The Department provided copies of 15 records to this Office. Three of these records (including a letter to the applicant's solicitors dated 18 April 2012) were dated after the date of the request. Ms Connolly informed the applicant's solicitors that these three records did not fall within the scope of this review. Having examined the records, I agree with this view regarding these three records which post-date the request. However, I also note that part of another record also post-dates the date of receipt of the request and, in my view, also falls outside the scope of this review. The scope of this review is confined to the question of whether the Department was justified in deciding to refuse to grant the request for access to the other 11 records and to that part of the twelfth record which existed as of the date of receipt of the request.
Section 43(3) of the FOI Act provides that I shall take all reasonable precautions to prevent the disclosure to a party to a review of information contained in an exempt record. I am therefore limited as to the information I may give regarding the contents of the records in this case.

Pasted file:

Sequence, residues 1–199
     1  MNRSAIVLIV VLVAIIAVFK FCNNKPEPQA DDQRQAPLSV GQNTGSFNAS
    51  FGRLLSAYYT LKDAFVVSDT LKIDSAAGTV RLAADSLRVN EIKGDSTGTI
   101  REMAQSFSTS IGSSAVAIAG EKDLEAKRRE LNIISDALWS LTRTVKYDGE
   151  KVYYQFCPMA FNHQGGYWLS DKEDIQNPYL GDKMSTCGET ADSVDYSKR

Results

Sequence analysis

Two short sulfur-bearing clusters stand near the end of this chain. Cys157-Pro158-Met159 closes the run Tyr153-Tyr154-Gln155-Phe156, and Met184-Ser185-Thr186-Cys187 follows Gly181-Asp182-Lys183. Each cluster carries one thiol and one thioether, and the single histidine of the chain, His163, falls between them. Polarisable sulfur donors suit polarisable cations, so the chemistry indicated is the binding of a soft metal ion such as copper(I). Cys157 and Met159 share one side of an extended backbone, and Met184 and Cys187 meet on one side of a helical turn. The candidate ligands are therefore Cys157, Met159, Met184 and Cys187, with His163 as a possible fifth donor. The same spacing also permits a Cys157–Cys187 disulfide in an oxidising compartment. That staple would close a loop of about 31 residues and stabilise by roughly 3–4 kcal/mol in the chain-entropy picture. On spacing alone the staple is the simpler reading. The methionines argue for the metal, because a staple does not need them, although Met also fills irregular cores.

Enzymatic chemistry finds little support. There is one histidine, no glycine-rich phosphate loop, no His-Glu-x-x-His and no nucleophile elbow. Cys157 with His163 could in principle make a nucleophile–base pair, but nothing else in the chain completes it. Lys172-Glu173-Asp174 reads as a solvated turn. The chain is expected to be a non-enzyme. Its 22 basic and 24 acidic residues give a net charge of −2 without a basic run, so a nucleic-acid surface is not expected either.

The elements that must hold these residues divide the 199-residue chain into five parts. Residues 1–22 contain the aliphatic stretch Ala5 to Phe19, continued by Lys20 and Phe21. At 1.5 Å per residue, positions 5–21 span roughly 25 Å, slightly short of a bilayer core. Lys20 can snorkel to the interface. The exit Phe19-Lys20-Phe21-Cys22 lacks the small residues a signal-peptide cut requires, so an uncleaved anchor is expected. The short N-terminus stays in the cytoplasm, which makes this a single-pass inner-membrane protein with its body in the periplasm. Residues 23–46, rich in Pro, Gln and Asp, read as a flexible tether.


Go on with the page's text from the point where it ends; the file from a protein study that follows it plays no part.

Section 28(1) of the FOI Act provides that, subject to the provisions of the section, a public body shall refuse to grant a request if
"... access to the record concerned would involve the disclosure of personal information...".
Section 2 of the Act defines personal information as
"information about an identifiable individual that --
(a) would, in the ordinary course of events, be known only to the individual or members of the family, or friends, of the individual,
(b) is held by a public body on the understanding that it would be treated by it as confidential,"